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Ransomware, beware!

Over the past couple of years there have been news articles relating to Ransomware, but it has not been so common as it is now. A recent resurgence in a new iteration (dubbed WannaCry) has lead to many large companies being effectively shut down. Alongside the money-makersand big corporate targets, our own health sector (namely the NHS) was all but shut down Friday 12th May 2017. An article detailing the initial event and subsequent spread can be found on here (source: The Guardian).

It has always been important to ensure your security is up to date and your passwords are not basic, but companies really need to take a harder look at these in today’s age.

What is Ransomware?

In basic terms Ransomware is form of malware which, once loaded on to a machine, encrypts all of your files and shuts down essential services that run your computer. You are unable to open any of your files or even use software (i.e. web browsers) as every file is locked down. This malware can come from a variety of sources: email attachments, unsecured/fake webpages, etc.

In most cases the user is presented with a screen stating all the files are locked and will be deleted within a certain time if a ransom is not paid – hence Ransomware. Once paid, these people will send you a code to enter in to the Ransomware screen to unlock everything.

Payment is made using the online Cryptocurrency Bitcoin (current worth of 1 Bitcoin is approximately £1,300). Most demands range from 0.1-0.2 Bitcoins (roughly £250-400), but do you really think they will let you go if you pay? In most cases where the ransom has been handed over, the user does indeed receive the code and get the use of their PC, but not even a day later (as the malware is still present on the machine) the same thing happens, only this time with an increase to the ransom amount.

What do I do if I get infected?


Even a small payment counts as a success to these groups and the attacks will only continue. Not to mention the fact you will have to go through it again as the Ransomware is not deleted simply by paying.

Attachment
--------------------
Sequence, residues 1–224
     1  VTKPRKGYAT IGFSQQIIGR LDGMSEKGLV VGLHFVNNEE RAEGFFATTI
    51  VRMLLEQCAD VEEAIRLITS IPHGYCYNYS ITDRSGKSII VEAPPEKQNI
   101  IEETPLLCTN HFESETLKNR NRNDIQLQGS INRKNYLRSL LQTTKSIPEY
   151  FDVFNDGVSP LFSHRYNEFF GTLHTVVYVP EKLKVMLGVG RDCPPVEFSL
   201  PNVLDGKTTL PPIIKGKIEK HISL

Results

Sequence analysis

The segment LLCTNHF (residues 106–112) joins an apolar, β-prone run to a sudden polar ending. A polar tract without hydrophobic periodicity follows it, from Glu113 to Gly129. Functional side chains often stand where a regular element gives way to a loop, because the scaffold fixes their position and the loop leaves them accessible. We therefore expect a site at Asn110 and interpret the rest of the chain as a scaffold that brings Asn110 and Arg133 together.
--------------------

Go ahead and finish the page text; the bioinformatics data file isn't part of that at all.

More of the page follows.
Second: Contact the company/individual who is responsible for your computers and network. In most offices nowadays, the systems carry out an automated back-up of files which can be recovered. This may mean you lose a couple of days of work, but for the sake of getting rid of this malicious software (and more importantly not paying them) it is a small price to pay.

Thirdly: Ensure that every bit of security on your machine is up-to-date. Whether this is Windows own built-in firewall/defender or a third-party, it is imperative to ensure they are updated with the latest malware information to protect you.

Lastly: Ensure your operating system is fully up to date.When new malware of this nature comes in to existence, the creators of the operating systems release patches to close up any exploitable openings that they may be using

How do I stop this happening in future?

By updating your antivirus, firewall and operating system you are closing up any exploitable gaps the malware can use, but the best defence is yourself:

  • Ensure you check any emails/attachments before opening them:
    • Is it an address you recognise? Most commonly the emails indicate an outstanding invoice and make a good effort to look like a probable supplier; you need to be vigilant and vet your emails carefully
    • Do not open any files with macro content: Macros are a set of commands that can be put in to various documents that, when opened, will install the malware on your machine. Your email program will normally state if this is the case with the attachment, so just be sure and check thoroughly
    • If you’re unsure ask your IT support: They would rather you ask them the question than potentially take down the network
  • Ensure your password is far from standard:
    • A mixture of upper and lower case letters
    • At least one symbol (!, @. %, $, etc.)
    • At least one number
    • Try not to use things relevant to you, i.e. date of birth, friends/family names, etc. (who knows what information potential hackers may have on you)
  • Take care and don’t rush in: If you see something you do not recognise or simply feels wrong, ask.

If you wish to read up further on this issue, a full in-depth article (as well as advice on updating and backing up your devices) can be found at here.

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